From cultivating plants that are on the international endangered list or already extinct in the wild, to avoiding invasive species, gardeners can play a vital role in conservation. A groundbreaking reference for both plant enthusiasts and gardeners, Plant is a new-generation encyclopedia designed to provide environmental and horticultural information for anyone concerned about the planet's biodiversity.
Botanica Magnifica features 250 stunning photographs representing--in the words of an ARTnews critic--rare or exotic plants and flowers "in large scale and exquisite detail, emerging from the shadows in a manner evocative of Old Master paintings."
The original edition of Botanica Magnifica, consisting of five lavishly hand-bound volumes, was limited to just ten copies, the first of which was recently donated to the Smithsonian Institution. The extra-large "double-elephant" format of that edition was chosen in homage to the famous double-elephant folio of The Birds of America, and indeed, Botanica Magnifica is one of the few works of natural history ever to rival Audubon's magnum opus in its scope and artistry. In praise of the double-elephant folio of Botanica Magnifica, the Smithsonian's Chairman of Botany attested, "Everyone who has seen the photographs...has been tremendously impressed with the power, scale, and depth of the work."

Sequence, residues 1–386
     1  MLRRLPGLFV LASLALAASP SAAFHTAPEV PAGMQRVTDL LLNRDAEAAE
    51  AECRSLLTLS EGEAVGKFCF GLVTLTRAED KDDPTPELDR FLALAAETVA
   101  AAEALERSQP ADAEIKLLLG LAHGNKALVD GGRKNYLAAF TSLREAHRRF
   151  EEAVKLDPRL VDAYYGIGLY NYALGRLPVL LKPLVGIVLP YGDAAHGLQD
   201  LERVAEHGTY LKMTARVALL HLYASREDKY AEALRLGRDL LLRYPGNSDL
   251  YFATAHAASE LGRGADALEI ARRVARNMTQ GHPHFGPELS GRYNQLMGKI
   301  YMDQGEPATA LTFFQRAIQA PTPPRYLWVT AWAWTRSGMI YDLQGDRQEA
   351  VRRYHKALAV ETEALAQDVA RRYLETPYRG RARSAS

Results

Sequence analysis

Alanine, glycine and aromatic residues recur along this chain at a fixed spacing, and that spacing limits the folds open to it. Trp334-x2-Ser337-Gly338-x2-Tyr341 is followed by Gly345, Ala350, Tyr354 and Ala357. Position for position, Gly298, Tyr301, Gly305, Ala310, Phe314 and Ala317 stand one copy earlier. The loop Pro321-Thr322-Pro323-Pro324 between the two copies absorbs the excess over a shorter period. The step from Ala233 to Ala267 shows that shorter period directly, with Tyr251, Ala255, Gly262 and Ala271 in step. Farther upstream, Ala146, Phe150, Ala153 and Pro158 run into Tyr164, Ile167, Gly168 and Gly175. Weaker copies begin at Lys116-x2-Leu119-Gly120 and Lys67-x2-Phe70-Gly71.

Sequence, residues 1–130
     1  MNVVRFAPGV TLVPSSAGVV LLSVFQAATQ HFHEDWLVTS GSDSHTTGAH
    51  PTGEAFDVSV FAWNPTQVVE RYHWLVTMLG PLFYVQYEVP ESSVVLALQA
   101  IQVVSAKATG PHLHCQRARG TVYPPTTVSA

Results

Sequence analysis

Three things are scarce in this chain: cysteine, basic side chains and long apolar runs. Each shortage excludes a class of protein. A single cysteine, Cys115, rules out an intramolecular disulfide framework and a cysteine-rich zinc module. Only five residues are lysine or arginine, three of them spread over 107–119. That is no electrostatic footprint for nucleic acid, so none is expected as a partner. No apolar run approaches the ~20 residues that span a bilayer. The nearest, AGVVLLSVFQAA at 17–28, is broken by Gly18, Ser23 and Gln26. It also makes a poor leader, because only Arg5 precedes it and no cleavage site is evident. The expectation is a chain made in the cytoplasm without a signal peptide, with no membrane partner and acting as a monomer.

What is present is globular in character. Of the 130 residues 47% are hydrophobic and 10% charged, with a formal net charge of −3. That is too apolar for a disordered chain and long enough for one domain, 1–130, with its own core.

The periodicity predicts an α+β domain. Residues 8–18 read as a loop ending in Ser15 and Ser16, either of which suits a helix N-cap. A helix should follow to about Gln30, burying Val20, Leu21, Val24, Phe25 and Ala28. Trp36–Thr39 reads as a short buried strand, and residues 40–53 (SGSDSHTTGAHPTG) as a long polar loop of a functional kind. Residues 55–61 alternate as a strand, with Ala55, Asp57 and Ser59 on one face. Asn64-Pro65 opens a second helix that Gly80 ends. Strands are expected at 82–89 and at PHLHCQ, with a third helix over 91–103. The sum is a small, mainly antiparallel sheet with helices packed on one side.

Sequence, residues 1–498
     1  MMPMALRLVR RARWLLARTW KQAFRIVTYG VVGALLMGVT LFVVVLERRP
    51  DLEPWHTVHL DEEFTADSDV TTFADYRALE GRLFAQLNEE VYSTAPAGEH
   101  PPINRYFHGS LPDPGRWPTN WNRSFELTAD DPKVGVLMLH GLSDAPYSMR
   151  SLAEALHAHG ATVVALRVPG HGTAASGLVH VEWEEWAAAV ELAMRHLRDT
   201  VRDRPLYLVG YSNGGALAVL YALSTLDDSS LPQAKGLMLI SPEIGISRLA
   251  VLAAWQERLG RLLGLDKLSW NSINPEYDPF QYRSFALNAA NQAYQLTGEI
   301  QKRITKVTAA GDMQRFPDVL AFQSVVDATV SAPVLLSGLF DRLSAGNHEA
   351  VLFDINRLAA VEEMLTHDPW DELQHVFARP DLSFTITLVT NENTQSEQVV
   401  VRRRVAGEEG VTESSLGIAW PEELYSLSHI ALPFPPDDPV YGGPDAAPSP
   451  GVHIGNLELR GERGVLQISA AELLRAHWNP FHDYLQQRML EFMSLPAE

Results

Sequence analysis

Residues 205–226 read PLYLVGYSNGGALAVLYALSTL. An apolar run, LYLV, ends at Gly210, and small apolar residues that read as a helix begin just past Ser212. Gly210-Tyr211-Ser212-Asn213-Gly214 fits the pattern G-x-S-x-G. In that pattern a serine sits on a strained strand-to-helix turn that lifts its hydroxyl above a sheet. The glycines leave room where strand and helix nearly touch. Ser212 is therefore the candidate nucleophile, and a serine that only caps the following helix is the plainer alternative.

Now Singer's remarkable images are available to the public for the first time in this hardcover with slipcase, baby-elephant folio of Botanica Magnifica. This volume is organized into five alphabetically arranged sections, each introduced by a gatefold page that displays one extraordinary plant at a luxurious size. Each pictured plant is accompanied by a clear and accessible description of its botany, geography, folklore, history, and conservation.